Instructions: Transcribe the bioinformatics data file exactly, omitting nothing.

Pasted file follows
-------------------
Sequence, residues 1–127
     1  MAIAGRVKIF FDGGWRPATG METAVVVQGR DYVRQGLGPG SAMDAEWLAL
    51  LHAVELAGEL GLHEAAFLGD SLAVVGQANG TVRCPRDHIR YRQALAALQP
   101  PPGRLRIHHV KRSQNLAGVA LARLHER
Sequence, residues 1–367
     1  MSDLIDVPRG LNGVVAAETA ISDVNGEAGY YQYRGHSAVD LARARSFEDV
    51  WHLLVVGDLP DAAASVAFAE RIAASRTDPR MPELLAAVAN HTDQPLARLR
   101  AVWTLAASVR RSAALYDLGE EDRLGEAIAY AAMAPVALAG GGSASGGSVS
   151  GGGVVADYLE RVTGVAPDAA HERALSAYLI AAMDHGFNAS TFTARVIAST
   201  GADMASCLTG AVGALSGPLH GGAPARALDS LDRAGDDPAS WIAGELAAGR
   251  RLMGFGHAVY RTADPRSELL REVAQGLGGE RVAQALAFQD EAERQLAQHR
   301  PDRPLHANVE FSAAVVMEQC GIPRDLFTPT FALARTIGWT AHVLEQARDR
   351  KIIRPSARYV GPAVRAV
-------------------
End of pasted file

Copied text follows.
Sequence, residues 1–127
     1  MAIAGRVKIF FDGGWRPATG METAVVVQGR DYVRQGLGPG SAMDAEWLAL
    51  LHAVELAGEL GLHEAAFLGD SLAVVGQANG TVRCPRDHIR YRQALAALQP
   101  PPGRLRIHHV KRSQNLAGVA LARLHER
Sequence, residues 1–367
     1  MSDLIDVPRG LNGVVAAETA ISDVNGEAGY YQYRGHSAVD LARARSFEDV
    51  WHLLVVGDLP DAAASVAFAE RIAASRTDPR MPELLAAVAN HTDQPLARLR
   101  AVWTLAASVR RSAALYDLGE EDRLGEAIAY AAMAPVALAG GGSASGGSVS
   151  GGGVVADYLE RVTGVAPDAA HERALSAYLI AAMDHGFNAS TFTARVIAST
   201  GADMASCLTG AVGALSGPLH GGAPARALDS LDRAGDDPAS WIAGELAAGR
   251  RLMGFGHAVY RTADPRSELL REVAQGLGGE RVAQALAFQD EAERQLAQHR
   301  PDRPLHANVE FSAAVVMEQC GIPRDLFTPT FALARTIGWT AHVLEQARDR
   351  KIIRPSARYV GPAVRAV